So the taxonomy I settled on for this research was that of Nicole Lazarro. Drawing on the work of anthropologist Paul Ekman, Lazzarro and her team recorded the facial expressions of volunteers playing different types of games. The conclusion of their study was a classification of four type of fun:
Hard Fun – The emotion that the team observed here was fiero, an italian word borrowed by Eckman because decribes the personal feeling of triumph over adversity, an emotion for which there is no word in English. And the game mechanics that unlock that emotion (and possibly on the way, the emotions of frustration and boredom too) are: goals; challenge; obstacles; strategy; power ups; puzzles; score and points; bonuses; levels; and, monsters.
Easy Fun – Curiosity is the main emotion evident in the Easy Fun style of play, though surprise, wonder and awe were observed too. The game mechanics that define this style of play are: roleplay; exploration; experimentation; fooling around; having fun with the controls; iconic situations; ambiguity; detail; fantasy; uniqueness; “Easter Eggs”; tricks; story; and, novelty.
Serious Fun – What is the most common emotion observed with Serious Fun mechanics? Relaxation! The game mechanics that take players to that state are: rhythm; repetition; collection; completion; matching; stimulation; bright visuals; music; learning; simulation; working out; study; and real-world value. It’s this last mechanic that explains why its called “serious” fun. People playing in this mode also seem more ready to attach a value to their participation in the game outside the game itself – brain-training, physical exercise, developing skills or even a conscious effort to kill time (think of those people playing Candy Crush on the train)
People Fun – Happiness comes with People Fun, Lazzaro’s team observed “amusement, schadenfreude (pleasure in other people’s misfortune) and naches (pleasure in the achievements of someone you have helped)” among players in this mode. Among the he long list of game mechanics that get people there are: cooperation; competition; communication; mentoring; leading; performing; characters; personalisation; open expression; jokes; secret meanings; nurturing; endorsements; chat; and gifting.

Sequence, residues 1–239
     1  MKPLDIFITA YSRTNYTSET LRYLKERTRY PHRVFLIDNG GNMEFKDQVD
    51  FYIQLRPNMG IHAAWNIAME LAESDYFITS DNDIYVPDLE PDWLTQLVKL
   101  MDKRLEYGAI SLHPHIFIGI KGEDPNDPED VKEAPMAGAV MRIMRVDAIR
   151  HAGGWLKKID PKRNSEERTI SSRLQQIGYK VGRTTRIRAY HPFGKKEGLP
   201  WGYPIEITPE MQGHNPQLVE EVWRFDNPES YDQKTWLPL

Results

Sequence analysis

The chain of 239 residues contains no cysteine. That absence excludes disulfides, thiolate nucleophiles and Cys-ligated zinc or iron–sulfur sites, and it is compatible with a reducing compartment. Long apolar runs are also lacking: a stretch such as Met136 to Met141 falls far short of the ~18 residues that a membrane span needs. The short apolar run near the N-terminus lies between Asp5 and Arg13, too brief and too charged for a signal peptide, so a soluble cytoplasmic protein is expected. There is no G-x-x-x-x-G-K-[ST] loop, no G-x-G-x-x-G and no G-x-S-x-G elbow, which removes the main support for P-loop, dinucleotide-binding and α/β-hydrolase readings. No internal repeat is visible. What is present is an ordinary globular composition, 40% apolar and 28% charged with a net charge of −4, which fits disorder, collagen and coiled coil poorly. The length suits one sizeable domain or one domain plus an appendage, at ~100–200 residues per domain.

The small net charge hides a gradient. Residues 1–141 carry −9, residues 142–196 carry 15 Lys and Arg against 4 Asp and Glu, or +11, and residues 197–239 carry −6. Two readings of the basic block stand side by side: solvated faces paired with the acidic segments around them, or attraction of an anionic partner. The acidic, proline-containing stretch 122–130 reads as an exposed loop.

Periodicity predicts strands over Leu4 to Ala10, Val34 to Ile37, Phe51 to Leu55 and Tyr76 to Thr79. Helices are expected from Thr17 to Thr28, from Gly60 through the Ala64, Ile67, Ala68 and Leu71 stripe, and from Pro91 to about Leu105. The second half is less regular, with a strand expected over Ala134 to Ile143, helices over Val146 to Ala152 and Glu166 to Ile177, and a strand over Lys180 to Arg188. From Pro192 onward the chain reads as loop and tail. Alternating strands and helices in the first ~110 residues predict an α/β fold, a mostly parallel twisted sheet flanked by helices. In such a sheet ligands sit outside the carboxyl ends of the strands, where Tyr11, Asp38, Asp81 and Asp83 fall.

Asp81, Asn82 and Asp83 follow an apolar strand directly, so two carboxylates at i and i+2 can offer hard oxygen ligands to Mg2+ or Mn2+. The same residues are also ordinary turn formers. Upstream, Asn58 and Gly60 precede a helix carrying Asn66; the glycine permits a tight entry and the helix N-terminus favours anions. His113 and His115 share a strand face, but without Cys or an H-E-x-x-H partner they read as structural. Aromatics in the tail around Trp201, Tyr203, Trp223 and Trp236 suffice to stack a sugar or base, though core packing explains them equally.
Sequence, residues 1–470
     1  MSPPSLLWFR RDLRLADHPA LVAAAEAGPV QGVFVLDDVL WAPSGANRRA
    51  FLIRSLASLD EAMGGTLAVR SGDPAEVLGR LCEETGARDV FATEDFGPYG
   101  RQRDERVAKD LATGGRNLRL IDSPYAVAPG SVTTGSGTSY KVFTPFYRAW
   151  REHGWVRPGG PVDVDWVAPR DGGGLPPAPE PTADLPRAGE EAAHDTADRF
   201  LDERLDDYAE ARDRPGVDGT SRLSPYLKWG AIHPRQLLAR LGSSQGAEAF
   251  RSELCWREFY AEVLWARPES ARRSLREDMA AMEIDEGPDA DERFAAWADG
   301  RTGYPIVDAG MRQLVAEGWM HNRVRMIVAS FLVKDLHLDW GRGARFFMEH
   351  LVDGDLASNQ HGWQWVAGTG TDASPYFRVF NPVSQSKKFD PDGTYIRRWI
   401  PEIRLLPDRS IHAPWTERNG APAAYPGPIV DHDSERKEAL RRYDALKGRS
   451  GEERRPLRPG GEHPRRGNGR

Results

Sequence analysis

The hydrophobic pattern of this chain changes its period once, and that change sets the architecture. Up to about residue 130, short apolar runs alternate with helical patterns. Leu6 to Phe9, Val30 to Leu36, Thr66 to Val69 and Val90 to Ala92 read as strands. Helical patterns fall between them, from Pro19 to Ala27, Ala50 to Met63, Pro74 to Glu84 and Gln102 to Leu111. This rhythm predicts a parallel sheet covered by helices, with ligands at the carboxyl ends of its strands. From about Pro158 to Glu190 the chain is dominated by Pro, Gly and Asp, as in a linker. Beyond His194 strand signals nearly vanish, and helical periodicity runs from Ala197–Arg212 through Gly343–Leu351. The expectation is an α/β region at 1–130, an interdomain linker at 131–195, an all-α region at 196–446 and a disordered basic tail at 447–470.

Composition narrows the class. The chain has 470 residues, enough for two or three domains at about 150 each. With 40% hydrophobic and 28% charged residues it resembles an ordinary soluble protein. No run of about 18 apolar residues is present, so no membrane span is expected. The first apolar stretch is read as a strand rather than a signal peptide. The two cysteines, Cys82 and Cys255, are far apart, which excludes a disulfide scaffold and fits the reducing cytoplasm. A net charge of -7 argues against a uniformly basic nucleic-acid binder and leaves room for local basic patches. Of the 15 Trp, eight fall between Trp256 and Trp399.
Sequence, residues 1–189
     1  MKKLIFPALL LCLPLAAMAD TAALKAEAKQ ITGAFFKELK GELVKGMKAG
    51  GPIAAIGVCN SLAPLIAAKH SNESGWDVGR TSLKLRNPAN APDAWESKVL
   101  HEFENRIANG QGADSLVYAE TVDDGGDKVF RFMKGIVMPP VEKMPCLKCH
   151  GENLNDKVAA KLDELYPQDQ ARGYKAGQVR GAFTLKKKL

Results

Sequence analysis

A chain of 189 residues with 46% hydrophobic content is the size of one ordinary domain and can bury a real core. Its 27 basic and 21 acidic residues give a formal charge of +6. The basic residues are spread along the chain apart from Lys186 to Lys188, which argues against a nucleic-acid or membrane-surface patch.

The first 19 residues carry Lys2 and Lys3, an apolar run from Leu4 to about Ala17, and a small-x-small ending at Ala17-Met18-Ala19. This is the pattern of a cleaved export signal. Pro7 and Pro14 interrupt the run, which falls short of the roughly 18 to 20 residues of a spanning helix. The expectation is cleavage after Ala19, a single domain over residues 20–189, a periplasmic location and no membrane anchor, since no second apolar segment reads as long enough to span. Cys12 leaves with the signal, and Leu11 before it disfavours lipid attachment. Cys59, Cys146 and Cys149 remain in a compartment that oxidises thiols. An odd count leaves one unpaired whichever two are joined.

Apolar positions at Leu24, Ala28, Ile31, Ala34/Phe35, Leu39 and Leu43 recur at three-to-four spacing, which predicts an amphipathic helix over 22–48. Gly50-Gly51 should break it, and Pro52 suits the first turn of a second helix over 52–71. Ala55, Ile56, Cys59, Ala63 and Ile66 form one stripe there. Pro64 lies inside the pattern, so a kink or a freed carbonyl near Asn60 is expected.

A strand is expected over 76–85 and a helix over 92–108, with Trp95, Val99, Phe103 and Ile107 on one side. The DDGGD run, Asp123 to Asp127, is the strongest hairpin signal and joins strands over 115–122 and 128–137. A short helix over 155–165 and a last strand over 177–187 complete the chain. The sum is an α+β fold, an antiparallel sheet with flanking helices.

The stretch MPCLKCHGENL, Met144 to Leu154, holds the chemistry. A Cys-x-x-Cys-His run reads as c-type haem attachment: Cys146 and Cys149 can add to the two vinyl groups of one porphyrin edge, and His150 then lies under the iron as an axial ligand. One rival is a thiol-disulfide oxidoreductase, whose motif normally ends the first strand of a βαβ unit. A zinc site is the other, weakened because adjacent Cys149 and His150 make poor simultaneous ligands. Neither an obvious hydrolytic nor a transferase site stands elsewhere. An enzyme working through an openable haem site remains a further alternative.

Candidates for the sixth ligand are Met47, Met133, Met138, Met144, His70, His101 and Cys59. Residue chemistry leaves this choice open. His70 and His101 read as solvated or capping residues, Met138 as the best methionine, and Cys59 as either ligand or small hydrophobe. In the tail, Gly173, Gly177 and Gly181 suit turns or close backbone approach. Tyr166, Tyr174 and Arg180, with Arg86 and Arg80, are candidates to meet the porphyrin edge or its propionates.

I used some of the evidence Lazarro had gathered to create a number of Likert agreement scale questions, which might, in combination, indicate respondents’ preferences for the four different types of fun.


This example shows how people responded to the questions about what Lazarro called Serious Fun.

And this slide shows how the combined responses to the questions indicate the cohorts’ preferences for the four types of fun. You will note that Easy Fun, which includes a preference for narrative or story based games, is the highest scoring in this sample. I was very encouraged by this. I was hoping that I’d see s correlation between a preference for Easy Fun and another Likert question we asked about interest in a locatative game.

However this correlation matrix shows no relationship between respndents’ preference for Easy Fun and their expressed interest in locatative games. There is, however, a possible relationship between gamers’ preference for Hard Fun.

However, on closer inspection of that relationship, the confidence intervals shown in this scattergram, show me I can’t disprove the null hypothesis. Now I should state that the number of respondents who answered all the questions required for this analysis was less that half the total number of completed surveys, just 94. So it may be that a larger sample size would better enable me to prove or disprove the null hypothesis. But the more worrying observation is this one – a large proportion of this sample expressed zero interest in games involving the player’s location. Which resonates with the earlier observation that there was very little recognition or awareness of of such games. So it may be that most people don’t want to play games that use their real world position, or that idea is yet to have it’s moment.
Either way it strikes me I’d be better off investigating how some of games’ engagement drivers could improve cultural heritage interpretation, rather than rushing to import locatative games wholesale into the cultural heritage space.